Heat Shrink! - Why rubber bands get shorter when you heat them.
|An elastic (rubber) band||Something to hang it from (you can use something smaller!)|
|A hot air gun or hair drier||A weight (you can use something smaller!)|
Hang your rubber band from the hook.
If you stretch a rubber band it starts off quite easily and then it gets more difficult. You want to add weight to the band to stretch it until it starts to get more difficult to stretch.
Watch the weight very carefully, you will probably have to keep your head in one place by putting it on the table and sighting the weight onto something behind.
Heat up the rubber band to see what happens.
You should find that as you heat the elastic band the weight lifts up. As the band cools down again it will stretch (lengthen) again.
Most materials expand in all directions as they heat up and unstretched rubber is no exception. But owing to its molecular structure, stretched rubber behaves very differently. Rubber is a polymer made up of long chains of repeating units. At certain points these chains are chemically attached to one another, which is known as cross-linking.
|Rubber is made up of long polymer molecules, joined together in some places.|
|Stretching the rubber causes the polymer chains to become straighter.|
Normally the molecules are randomly arranged and so appear very wiggley. But if you stretch the rubber it will tend to straighten out the chains. Then, as you heat up these chains they gain energy and begin to vibrate more violently, causing the chains to shorten again. You can demonstrate this for yourself with a piece of chain dangled from a hand. If you shake the chain it becomes more wiggley and therefore wider and shorter. This is most obvious if you compare the height of the bottom of the chain above the floor when it is moving compared with when it is held still.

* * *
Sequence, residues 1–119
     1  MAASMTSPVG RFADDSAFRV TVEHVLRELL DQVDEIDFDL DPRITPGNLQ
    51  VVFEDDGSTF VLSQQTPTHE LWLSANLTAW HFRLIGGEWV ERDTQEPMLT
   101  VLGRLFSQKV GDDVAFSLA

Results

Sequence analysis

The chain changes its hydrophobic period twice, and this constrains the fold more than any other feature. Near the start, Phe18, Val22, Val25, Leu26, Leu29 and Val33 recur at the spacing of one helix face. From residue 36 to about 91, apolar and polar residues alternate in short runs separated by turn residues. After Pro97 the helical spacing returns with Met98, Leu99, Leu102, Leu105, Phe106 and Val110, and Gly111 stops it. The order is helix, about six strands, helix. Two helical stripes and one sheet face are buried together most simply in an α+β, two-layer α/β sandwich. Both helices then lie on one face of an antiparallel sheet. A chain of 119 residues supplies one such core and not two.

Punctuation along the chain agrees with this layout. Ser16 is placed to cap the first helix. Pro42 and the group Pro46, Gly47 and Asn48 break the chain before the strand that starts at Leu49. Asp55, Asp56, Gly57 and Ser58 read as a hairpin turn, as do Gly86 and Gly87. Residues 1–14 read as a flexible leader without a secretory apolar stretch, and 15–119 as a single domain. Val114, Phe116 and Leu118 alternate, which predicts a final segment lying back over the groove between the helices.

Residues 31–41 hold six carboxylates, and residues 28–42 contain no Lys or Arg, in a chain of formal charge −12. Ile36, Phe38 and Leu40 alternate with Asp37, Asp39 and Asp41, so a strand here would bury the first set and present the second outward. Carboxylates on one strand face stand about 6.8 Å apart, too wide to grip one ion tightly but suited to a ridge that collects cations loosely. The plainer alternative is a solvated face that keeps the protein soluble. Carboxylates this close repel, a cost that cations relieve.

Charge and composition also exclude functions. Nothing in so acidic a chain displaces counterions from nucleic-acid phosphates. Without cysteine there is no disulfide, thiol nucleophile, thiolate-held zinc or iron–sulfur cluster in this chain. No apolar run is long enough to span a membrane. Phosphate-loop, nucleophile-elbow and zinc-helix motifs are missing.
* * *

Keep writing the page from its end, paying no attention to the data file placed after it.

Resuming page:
A rubber molecule is the same so, when it is stretched, the more you heat it up, the shorter the rubber gets!
What has this got to do with crisp packets and shrink wrap?
The plastic film in crisp packets and shrink wrap has a similar structure to rubber. When packets and pots are made the material is stretched into a thin film. The big difference is that the plastic freezes below about 100°C and the polymer molecules cease to be able to move across one another. But if you heat the plastic up above about 100°C the polymer chains are freed and can shrink back to their original unstretched states. This is why crisp packets shrink if you put them on a fire, and how they shrink the plastic in shrink-wrapped goods.